I know I’ve told this story before. But I’m going to tell it again. It helps to give a bit of insight into what it is like to raise a medically fragile child with special needs.
When Parker was being life flighted up to PCMC the first time, Reed and I felt secure knowing that even though Parker had a few surgeries ahead of him (how little did we know then) at least we had insurance.
Eight years of savings accounts, college accounts, and mission accounts being emptied by medical bills later, we consider ourselves experts in the field of the reality of keeping a medically fragile kid with special needs alive.
- Medically fragile children bankrupt families. Even wealthy ones.
- Just because your child has a Medicaid waiver, doesn’t mean all of his needs are covered. Hell, even private insurance and a Medicaid waiver doesn’t cover all of those needs.
- Paying off medical bills takes a lot of time and most, if not all, of your ‘disposable’ income.
- Kids with special needs, even without the medically fragile part are expensive.
Often, between child and a goal there stands only one thing. Funding.
We’ve had fundraisers for Parker before. Fundraisers are hard and humbling work. Yes, there are foundations I could apply to, but I know how many kids are in need and how over loaded these foundations are. So, except for Parker’s Make a Wish and one other time, I’ve turned down offers from foundations, pointing them in stead in the direction of other families with children so sick that the family could not even fathom hosting a fundraiser for their child…….all of their time and attention needed to go to keep their child breathing.
It wasn’t that long ago that nobody even dared to believe that Parker would live long enough to ride a bike.
But he has.
He’s done so much more than just stayed alive. He’s doing so well, and wants to do so much more.
I have a friend who once told me that she didn’t think she could ever fundraise the way I had. She said that in my position she simply didn’t know what she would do.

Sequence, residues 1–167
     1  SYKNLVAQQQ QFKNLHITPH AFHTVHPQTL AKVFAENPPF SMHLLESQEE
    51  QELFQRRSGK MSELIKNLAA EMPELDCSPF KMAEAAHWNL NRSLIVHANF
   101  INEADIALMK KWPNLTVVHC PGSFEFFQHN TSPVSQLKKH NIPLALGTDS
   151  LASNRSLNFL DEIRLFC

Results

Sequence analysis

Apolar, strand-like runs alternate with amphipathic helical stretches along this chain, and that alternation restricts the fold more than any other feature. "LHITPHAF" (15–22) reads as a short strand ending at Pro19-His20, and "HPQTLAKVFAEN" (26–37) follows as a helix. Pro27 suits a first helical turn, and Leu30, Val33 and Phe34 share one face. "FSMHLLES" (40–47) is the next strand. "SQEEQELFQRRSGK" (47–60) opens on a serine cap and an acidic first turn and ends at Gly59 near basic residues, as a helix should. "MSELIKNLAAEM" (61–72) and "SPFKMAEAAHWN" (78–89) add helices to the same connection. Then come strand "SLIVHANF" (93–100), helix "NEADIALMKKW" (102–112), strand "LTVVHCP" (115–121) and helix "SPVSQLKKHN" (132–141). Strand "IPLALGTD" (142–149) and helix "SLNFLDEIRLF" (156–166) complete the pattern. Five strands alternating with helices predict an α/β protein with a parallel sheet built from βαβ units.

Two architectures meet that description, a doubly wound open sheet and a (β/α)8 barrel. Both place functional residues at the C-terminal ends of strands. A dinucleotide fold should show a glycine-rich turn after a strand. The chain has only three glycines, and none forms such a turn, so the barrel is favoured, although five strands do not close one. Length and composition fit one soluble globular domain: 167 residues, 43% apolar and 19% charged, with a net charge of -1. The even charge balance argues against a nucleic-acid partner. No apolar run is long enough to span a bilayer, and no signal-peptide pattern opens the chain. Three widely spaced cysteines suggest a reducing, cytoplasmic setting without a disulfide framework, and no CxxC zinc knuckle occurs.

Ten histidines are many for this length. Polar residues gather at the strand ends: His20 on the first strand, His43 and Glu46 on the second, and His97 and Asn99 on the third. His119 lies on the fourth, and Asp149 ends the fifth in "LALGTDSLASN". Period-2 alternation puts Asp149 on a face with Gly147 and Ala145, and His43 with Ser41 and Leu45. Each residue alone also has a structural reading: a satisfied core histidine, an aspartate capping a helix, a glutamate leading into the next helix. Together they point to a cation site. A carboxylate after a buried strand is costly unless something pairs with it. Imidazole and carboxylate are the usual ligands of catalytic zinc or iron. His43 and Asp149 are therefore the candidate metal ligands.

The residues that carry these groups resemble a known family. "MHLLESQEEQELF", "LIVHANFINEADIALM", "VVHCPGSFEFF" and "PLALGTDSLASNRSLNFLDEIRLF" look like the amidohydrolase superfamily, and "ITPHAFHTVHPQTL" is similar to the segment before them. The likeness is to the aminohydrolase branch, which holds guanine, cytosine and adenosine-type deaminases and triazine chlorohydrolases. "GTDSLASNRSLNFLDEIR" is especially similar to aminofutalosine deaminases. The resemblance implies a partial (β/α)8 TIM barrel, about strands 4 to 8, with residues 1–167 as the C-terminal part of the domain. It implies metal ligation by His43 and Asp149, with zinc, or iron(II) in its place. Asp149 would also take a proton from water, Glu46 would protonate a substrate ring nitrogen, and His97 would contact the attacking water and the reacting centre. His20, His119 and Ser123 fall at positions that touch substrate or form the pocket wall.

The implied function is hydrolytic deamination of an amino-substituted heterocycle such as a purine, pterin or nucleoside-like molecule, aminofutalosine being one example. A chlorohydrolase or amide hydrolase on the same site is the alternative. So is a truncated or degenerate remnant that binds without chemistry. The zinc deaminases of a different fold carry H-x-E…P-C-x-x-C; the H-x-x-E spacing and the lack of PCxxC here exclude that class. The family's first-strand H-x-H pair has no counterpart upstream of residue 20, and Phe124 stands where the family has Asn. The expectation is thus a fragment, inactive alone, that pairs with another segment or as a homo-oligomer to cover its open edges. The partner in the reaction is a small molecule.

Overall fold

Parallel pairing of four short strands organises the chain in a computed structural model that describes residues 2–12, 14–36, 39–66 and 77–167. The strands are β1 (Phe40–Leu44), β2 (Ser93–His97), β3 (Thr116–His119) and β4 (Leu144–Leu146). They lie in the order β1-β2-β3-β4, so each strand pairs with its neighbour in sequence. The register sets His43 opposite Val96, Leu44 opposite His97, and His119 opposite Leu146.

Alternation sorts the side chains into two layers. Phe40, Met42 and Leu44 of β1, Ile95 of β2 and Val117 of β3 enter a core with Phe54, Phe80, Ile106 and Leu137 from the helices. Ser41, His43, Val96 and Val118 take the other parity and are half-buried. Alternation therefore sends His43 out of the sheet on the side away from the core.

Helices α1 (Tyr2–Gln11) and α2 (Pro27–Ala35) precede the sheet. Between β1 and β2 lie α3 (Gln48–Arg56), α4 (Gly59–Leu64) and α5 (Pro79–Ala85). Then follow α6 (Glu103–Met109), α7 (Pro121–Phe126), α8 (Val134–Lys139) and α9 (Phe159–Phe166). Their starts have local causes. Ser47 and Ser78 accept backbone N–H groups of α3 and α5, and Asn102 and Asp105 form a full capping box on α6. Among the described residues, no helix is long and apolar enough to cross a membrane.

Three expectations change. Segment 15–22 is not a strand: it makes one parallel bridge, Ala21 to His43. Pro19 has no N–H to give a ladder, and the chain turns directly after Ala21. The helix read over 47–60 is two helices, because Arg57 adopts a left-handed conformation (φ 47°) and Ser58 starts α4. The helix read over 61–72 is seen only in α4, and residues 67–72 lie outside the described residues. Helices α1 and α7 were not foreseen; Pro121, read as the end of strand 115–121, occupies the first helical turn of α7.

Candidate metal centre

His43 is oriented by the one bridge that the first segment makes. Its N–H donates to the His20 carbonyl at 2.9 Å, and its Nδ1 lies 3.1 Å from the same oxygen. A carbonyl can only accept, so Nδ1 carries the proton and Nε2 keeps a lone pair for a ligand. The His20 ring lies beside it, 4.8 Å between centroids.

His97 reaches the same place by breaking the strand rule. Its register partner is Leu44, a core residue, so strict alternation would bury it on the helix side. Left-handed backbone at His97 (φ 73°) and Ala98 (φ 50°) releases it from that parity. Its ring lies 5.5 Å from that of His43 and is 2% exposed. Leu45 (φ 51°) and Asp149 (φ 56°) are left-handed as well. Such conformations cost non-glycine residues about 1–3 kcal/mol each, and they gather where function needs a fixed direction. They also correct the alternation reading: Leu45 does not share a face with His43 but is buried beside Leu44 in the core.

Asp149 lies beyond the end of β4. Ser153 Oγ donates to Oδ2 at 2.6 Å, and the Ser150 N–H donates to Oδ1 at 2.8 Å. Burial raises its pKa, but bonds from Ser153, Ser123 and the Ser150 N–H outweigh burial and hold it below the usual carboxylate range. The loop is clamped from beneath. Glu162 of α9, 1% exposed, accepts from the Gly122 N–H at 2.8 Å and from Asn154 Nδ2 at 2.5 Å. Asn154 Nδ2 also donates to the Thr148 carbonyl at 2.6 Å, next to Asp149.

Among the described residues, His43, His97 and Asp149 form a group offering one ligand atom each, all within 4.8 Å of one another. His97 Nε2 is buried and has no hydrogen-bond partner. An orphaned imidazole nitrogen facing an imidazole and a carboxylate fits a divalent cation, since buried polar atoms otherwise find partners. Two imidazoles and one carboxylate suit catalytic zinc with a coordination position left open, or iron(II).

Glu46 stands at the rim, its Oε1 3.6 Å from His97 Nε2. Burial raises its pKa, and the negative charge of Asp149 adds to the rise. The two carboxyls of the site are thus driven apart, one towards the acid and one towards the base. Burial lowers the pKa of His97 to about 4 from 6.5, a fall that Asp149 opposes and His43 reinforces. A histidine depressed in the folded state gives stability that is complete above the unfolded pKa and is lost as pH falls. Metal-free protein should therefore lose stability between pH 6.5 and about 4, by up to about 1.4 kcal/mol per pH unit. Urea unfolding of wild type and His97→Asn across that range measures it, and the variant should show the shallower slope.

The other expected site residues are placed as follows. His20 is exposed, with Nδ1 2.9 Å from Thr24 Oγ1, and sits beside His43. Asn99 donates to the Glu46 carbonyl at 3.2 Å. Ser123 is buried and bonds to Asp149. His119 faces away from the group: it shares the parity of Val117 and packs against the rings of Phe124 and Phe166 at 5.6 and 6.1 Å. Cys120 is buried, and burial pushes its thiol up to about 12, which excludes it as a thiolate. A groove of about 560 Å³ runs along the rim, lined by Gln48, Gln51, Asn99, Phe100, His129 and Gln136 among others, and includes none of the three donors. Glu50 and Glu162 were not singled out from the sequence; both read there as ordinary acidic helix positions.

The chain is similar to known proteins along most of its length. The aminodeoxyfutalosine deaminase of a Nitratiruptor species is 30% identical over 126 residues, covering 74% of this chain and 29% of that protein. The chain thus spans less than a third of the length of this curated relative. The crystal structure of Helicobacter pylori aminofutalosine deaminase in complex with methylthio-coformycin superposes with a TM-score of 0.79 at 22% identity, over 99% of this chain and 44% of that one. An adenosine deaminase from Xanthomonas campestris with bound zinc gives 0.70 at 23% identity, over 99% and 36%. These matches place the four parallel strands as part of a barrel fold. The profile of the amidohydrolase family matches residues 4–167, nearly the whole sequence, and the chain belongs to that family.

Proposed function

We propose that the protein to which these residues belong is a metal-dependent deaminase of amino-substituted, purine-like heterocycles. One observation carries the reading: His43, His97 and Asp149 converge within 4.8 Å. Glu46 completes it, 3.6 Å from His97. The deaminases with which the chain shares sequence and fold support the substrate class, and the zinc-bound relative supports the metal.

Fast forward several years, and this same friend falls in love with an orphan and wants to adopt that little one. Boy, are adoptions expensive. I supported her in her adoption fundraising because a) I believe that all kids deserve good homes, and I know hers is one of the best, and b) because I have been in her shoes……loving a child so much but not having the money to give them the life and healthcare they deserve, and c) I know there are some things you can never fully understand until you’ve actually lived them.
Now I know there are those of you who are saying, ‘yeah, but an adoption is a one time fund raising event.’
Oh, no, Kemo Sabe. I have friends who, after adopting, need to fund raise for wheelchairs, physical therapy, cough assist machines and all kinds of other things their insurance won’t pay for. Even things that (gasp!) Medicaid wouldn’t pay for.
A friend once asked ‘Isn’t it hard enough keeping your child alive without having to worry about somebody getting their panties in a wad over the angst that you are going to become a millionaire from a yard sale?’
She took the thoughts right out of my thinker.
We are indeed hoping to raise the funds to get Parker to Now I Can.org. If it doesn’t happen, it doesn’t happen. What’s that they say about what’s meant to be will always find a way? That’s what we’re going with.
Right now the specific need is giving Parker the opportunity to gain not just the skill to ride a bike, but to independently clean himself after a bowel movement, to put on his own pants, button his own shirt, manage his own sensory needs, take on a flight of stairs, kick a ball, and a zillion other things most kids just naturally acquire.
I spent a lot of time today tending to my vegetable patch. It’s where I do some of my best thinking. Over and over I kept hearing my friend Holly say; ‘Tell them to go to hell and then go and do. You’re a powerful mama and you are doing a great job.’
And it dawned on me.
Am I really going to let a Troll decide what Parker’s future is going to be like?
I think not.